Fenris chuckled, clearly noting Raven’s distrust. “I thought you would tell me that, she-human. I sensed your brother searching for me a few times and figured I might as well see what you wanted. Watching over a little brat training day in and day out is only so entertaining.” Fenris winked at Raven and glanced knowingly over at Javelin who was still stuck in the river.
Suddenly his eyes widened and before Raven could register him moving, Fenris appeared in front of Javelin, his hand reaching out to touch the latter’s forehead. “Curious, indeed,” he muttered, just loud enough for Raven to hear.
“What is it?” she asked, suddenly feeling a bit anxious. “Is something wrong?”
Fenris turned to face her, a mischievous glow in his eyes. “How badly do you want to know?”
Raven frowned; she had almost forgotten this playful side of Fenris. She was about to answer him when he waved his hand dismissively. “Nevermind – you might learn of it on your own, in due time.” He seemingly floated out of the water. “But I suggest you look after this one more carefully, lest you regret it again.”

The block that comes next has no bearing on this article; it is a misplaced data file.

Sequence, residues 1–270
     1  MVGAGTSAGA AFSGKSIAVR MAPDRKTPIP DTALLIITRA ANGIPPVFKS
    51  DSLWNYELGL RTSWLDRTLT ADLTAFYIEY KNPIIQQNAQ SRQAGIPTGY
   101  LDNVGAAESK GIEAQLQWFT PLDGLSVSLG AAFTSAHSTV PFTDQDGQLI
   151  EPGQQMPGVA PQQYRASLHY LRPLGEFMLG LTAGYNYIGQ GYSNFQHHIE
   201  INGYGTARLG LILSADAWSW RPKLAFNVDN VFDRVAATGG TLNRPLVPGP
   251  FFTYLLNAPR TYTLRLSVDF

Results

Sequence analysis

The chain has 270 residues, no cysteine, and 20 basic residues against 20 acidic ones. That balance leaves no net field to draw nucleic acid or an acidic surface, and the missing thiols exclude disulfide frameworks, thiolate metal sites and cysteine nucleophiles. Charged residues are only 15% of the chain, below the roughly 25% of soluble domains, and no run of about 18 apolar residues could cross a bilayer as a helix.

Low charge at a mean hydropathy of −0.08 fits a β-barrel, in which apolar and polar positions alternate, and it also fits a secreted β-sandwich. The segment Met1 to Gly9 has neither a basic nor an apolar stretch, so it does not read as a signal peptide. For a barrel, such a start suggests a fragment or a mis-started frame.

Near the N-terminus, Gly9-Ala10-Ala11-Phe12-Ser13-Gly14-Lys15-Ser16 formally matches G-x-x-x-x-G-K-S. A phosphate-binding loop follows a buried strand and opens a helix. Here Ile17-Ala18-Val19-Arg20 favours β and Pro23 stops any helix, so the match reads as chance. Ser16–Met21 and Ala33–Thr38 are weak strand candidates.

Raven’s frown deepened. ‘What is he talking about?’
“That aside,” continued Fenris, not giving Raven an opportunity to speak, “what was it you wanted to find me for?”
Forcing herself to focus, Raven pushed aside her questions about Javelin and took a deep breath; a lot was hanging on her getting Fenris’ help dealing with Gadwall.
“Senior Fenris, is the reason you yourself didn’t save your own grandchild, all those years ago, because you two are not from this realm?”
A surprised eyebrow lifted on the man’s brow. “Oh, I see you have grown in more than just strength, young Raven, for you to know of the existence of the other realms.” Raven didn’t give an explanation and just held his gaze, so Fenris continued; “Indeed, we are not from this realm, and part of the reason I didn’t save my grandchild myself that time was that I would anyhow not be allowed to harm the men responsible. Better let someone else deal with them.”